“We just want him to come back,” said Britney. “What does it accomplish to remove his fake name from the record books?’
“We eliminate his photo, his fingerprints and his DNA samples,” Mr. Rojas continued. “This washes his past and allows us to help him come back the right way under his real identity of Carlos Dominguez. He gets a new chance at the life he spent 40 years building without the baggage of his past blocking him from moving forward on a legal path to citizenship.”
“I think that’s enough,” Jennifer interrupted.
“So, he could come here and be a legal citizen?” Britney asked. “Just like that?”
“No Brit,” Emily interjected. “If he came here without waiting for the five-year ban to finish, he’d still be in trouble. And then they could send him away forever.”
“That’s why we need your mother here,” Jennifer said, projecting her tension across the table.
“He’d have to immediately apply for asylum,” Emily explained, as Delando Rojas raised an eyebrow at her knowledge. “They’d hold him at the border and he could get a hearing in 45 days.”
“That’s right,” said Delando.
“But they do what’s called metering,” Emily continued, explaining a topic that Britney could barely grasp. “They only let like 20 people apply for the hearing each day. There could be hundreds or thousands of people applying, so it could take years for them to even pick his name. And then, once he gets his hearing, it could take up to another year to get a decision.”
“That’s right,” Delando said, rubbing the tuft of black facial hair above and around his mouth. “Your teacher was right about you. You’ve done your homework. My group handles the logistics of getting him in line and moved up to the front of the metering system. We have a separate team of lawyers that argue the case at the hearing.”
“We have a lawyer,” Britney said. “And, mom says we can barely afford him. He’s not even charging us right now because we don’t have any money coming in with Daddy not making a paycheck.”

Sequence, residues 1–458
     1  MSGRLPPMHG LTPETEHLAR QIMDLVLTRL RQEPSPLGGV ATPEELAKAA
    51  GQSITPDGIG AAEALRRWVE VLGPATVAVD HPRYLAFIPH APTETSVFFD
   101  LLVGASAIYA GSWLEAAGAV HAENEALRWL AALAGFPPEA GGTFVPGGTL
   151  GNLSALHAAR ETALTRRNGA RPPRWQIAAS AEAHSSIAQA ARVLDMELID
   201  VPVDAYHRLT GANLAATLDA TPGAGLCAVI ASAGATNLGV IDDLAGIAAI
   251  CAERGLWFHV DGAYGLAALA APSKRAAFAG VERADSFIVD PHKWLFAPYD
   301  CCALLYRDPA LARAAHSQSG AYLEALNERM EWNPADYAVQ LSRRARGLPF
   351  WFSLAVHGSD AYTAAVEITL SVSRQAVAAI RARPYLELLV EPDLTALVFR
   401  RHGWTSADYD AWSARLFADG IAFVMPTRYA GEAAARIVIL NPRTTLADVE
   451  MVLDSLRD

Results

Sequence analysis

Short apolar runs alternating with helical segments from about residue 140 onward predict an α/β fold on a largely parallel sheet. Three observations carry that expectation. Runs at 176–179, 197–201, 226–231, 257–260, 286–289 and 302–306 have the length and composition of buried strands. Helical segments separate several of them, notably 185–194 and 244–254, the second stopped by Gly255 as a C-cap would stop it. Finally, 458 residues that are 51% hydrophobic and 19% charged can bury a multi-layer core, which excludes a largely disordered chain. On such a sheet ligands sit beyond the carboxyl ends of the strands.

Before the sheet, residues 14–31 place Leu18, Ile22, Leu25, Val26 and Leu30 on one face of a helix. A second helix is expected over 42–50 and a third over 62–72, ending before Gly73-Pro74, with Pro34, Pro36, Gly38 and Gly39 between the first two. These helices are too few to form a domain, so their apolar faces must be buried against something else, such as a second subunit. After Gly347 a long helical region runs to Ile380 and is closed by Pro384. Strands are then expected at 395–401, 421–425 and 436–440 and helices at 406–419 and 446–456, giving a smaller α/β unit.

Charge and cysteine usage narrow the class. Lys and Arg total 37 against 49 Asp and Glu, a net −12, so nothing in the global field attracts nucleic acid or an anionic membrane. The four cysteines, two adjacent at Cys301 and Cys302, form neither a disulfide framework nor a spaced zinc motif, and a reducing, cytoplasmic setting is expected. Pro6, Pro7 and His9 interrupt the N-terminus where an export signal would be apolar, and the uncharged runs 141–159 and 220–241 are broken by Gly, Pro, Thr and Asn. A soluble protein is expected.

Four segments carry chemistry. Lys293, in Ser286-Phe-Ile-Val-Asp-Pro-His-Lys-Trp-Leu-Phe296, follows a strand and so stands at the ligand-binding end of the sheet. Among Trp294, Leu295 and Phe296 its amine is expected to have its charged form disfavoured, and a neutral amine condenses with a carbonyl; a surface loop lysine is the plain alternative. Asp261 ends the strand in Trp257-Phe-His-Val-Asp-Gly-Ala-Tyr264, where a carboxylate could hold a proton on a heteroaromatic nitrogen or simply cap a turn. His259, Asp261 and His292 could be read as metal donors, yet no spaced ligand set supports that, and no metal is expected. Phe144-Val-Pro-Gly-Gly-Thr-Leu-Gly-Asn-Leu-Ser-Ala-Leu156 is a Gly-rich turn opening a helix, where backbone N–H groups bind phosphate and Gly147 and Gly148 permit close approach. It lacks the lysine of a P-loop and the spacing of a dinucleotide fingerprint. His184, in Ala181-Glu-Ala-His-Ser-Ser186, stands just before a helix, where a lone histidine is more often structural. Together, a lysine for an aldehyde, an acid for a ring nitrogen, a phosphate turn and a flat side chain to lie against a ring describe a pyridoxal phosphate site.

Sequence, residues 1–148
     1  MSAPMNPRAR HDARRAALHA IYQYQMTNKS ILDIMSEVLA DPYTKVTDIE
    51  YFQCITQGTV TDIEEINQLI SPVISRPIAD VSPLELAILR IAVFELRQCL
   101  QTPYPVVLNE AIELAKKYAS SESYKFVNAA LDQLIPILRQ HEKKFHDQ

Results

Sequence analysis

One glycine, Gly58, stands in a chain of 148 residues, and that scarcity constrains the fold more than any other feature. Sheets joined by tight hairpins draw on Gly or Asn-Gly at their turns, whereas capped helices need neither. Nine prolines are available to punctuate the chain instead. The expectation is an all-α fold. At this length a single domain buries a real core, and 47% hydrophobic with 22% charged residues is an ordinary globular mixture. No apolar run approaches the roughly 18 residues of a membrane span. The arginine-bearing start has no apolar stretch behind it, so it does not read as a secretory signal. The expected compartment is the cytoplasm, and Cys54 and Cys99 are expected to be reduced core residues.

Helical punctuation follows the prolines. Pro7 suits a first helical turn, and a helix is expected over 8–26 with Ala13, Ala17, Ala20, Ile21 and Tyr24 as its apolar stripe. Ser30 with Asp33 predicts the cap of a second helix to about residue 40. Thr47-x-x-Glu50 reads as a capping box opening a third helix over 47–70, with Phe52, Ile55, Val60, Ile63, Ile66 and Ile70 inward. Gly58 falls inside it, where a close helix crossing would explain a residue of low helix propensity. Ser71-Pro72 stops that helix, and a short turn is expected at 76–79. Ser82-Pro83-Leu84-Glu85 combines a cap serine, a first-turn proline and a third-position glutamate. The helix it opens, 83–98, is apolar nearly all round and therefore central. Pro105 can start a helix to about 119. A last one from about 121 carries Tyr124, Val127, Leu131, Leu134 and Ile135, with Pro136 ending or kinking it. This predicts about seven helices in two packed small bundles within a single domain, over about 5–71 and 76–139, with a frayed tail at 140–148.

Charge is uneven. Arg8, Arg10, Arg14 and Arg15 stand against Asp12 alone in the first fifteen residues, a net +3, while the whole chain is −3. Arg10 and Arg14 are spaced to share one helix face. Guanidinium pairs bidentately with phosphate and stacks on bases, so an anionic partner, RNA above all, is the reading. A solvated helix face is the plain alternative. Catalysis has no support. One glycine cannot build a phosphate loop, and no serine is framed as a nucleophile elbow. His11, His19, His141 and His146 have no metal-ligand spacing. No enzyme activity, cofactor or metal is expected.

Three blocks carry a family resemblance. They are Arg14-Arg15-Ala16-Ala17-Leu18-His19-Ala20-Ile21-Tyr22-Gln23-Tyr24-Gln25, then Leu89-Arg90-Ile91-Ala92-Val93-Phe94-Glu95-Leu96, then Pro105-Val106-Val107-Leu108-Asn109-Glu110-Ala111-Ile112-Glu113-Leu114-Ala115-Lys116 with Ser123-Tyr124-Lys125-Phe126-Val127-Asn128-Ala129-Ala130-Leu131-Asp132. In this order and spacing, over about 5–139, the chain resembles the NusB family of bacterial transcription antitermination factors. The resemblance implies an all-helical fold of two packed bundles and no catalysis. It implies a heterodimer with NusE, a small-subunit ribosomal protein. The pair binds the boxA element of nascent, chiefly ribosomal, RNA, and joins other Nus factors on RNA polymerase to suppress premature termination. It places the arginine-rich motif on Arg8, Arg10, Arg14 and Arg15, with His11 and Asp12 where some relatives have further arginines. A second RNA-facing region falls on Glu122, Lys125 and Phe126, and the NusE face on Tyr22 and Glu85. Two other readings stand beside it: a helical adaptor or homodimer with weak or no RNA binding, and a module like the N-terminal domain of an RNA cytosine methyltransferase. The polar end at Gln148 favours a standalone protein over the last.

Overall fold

“Our services, in this case will be free,” Delando smiled. “We believe that every person on this earth has a right to pursue their dreams and to have happiness in their lives. People will argue that your father, by being here, took an opportunity away from someone else. But we believe this country is strong enough to absorb good, deserving people like your father, who contribute to our society. We believe we would be better served putting our time, effort and tax money into removing the truly bad people in our society, whether they are American citizens or not, to make the most possible opportunity for our country. Publicity we generate through Mr. Ylbitszky’s coverage will be payment enough.”
As they spoke, the well-dressed host, from the front of the restaurant, appeared with an extra chair in hand. He placed it at the outer arc of the booth.
“Your sixth guest has arrived,” he said, politely. “Enjoy your meal.”
From behind him, as he moved toward the front of the restaurant, Ashley’s grey Zumiez sweatshirt emerged, set against the backdrop of the dark woodwork, cream-colored table cloths and dim, soothing lighting.
“I sent Scott away,” she said, shrugging her shoulders. “You’re right, Emily. Daddy’s more important.”